I have just finished reading the book "The Insanity of God". Many of you have already seen the movie (I have not yet seen that, since I just now got the capability of playing DVDs...lol), but I wanted to write a short review. There will be no spoilers in this review, so read on!
The Insanity of God by Nik Ripken
Let me put it to you this way: I read John Piper's 192 page "Don't Waste Your Life" in about 6 weeks. I read "The Insanity of God", which was 323 pages in just over 24 hours (If you took the 8 hours I slept out, I read it in 19 hours). I simply could not put it down. This book is about the persecuted church. I EXPECTED a sales pitch. I expected the book to end with--"Support the persecuted church by donating to such and such organization", but that never happened. Nik Ripken simply tells it like it is and leaves the Holy Spirit to make the conclusions in your heart. I was thankful for that, because the open-ended conclusion of the book really allowed me to think. I laughed, I prayed, I wept (as you will here later), and I walked away with more understanding of persecution, more appreciation for the glory of God, and more understanding about where I was in my walk with the Lord than before.
The only reason it didn't get 100/100 was because Nik Ripken isn't Jesus. The bible gets 100/100. This one is pretty close lol. I had some things I didn't quite agree with, but absolutely nothing even worth discussing. Mostly things like "Why didn't you..." or "I would have...differently". No glaring theological errors for sure.
I don't cry hardly ever. I might tear up and a couple roll down my face if something is really, really gripping but that is exceptionally rare. (That's not a pride thing. If I start crying, I never can hold it in. So I am not being macho). That being said, I wept reading this--sobbing out loud. That's only happened to me one other time in my life. But it didn't happen once while reading this. It happened 3 times. I just had to stop reading and bawl. (Interesting enough, the last time I started to weep, I felt the Holy Spirit prompt me to stop having a pity party and rejoice in what God was doing through these brothers and sisters). The testimonies of these brothers and sisters was incredible. The things they went through, the glory of God that they saw, the explanation of their conversions. It was all amazing. And it smacked me in the face regarding our pitiful version of Christianity here in the USA and in my own life (that was the pity party).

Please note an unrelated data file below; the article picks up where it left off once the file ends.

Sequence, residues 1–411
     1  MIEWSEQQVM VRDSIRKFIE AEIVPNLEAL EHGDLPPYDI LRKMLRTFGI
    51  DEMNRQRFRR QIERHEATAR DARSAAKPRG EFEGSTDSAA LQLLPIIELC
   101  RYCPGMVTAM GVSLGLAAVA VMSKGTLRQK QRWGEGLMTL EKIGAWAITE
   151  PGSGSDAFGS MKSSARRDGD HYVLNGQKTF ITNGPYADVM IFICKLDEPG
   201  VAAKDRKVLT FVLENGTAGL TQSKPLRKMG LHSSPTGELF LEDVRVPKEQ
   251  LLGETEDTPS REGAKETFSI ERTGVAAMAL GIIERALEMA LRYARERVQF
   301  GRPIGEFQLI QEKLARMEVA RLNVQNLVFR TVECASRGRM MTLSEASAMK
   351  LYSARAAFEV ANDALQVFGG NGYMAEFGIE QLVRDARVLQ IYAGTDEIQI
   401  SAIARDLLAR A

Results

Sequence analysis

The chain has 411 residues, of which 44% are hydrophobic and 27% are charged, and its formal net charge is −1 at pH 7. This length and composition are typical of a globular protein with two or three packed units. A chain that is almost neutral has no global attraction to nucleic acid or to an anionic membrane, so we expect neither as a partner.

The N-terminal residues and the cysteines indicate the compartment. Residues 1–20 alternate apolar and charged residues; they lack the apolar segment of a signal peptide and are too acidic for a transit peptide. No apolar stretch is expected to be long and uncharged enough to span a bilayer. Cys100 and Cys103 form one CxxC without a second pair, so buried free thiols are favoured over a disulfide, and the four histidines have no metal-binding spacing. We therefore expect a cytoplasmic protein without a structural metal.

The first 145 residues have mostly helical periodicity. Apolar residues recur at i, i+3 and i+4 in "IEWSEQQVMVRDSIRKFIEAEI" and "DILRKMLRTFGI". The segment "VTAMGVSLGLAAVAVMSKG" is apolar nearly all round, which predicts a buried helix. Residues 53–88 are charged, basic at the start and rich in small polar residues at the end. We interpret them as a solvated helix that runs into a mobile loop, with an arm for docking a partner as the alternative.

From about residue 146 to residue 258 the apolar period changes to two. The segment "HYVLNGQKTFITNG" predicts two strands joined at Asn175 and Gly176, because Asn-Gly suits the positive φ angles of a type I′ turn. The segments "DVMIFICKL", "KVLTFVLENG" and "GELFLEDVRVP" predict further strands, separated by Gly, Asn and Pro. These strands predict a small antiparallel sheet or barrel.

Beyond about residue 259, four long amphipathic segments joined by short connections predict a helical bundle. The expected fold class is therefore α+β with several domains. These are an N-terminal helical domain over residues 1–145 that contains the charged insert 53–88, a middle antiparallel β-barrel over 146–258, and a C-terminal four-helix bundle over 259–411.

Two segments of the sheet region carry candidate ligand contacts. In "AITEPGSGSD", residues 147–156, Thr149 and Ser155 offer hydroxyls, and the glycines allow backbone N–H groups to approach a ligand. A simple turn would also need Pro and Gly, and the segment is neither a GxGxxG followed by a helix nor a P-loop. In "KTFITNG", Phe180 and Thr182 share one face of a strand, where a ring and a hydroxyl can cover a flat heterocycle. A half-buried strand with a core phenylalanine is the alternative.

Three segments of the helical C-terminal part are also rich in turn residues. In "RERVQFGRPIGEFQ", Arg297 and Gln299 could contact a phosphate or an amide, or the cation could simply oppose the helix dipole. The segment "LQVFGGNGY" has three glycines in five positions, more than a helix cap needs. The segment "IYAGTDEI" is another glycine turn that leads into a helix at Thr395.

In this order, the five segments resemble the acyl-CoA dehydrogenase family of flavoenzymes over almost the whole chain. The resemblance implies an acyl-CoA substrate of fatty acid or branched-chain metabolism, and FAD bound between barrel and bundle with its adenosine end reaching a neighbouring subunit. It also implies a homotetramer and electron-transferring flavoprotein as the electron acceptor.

Another very positive thing that I read was that it showed the REAL persecuted church--not the theoretical one that we all know is out there--but the real, true blue, persecuted believers. It's one thing to hear about persecution, it is another thing to hear stories about persecuted individuals, but it is a completely different animal to hear it straight from those brothers and sisters. Wow! Definitely life-changing.
The raw honestly in the first half of the book regarding the mission to Somaliland was incredible. Sympathetically, I was frustrated for Nik during the first half of the book. I can't imagine the sacrifices that were discussed. The hurt, the pain, the despair so many were feeling at that time. I wanted so badly for that big miracle to show up and everything become ok. But that didn't happen, and I left the first half of the book as distraught about the circumstances as Nik was. BUT, the 2nd half was glorious, answered loads of questions, leaving all the right questions open for the Holy Spirit to deal with me on.
This book is not theological per se (it of course operates under good theology), but it does pose a challenge to our current mode of thinking in the American Culture. We are simply not ready for persecution. We don't really know what that is like. We also have no means to prepare us for what will come in the future. It will be a trial by fire for many of us. My mind also harkened back to multiple conversations I've had with brothers regarding this. I particularly remembered a time when I discussed persecution with a brother--he concluded that God would not allow his wife and children to suffer if God was a good Father. This book clearly flies in the face of that idea. It also flies in the face of my own life--why am I not persecuted. If the Bible says, "Yes, and all who desire to live godly in Christ Jesus will suffer persecution", then why am I not persecuted. I could come to only 1 conclusion: Because I am not serious about explicitly sharing the Gospel.
The question you ask yourself after reading this book is this: Is following Jesus worth it? Is it worth losing everything? And that is the purpose of this book. It forces us to look at ourselves in the mirror and say, "What am I doing with my life?" That's great, because we need a good shake-up on a regular basis.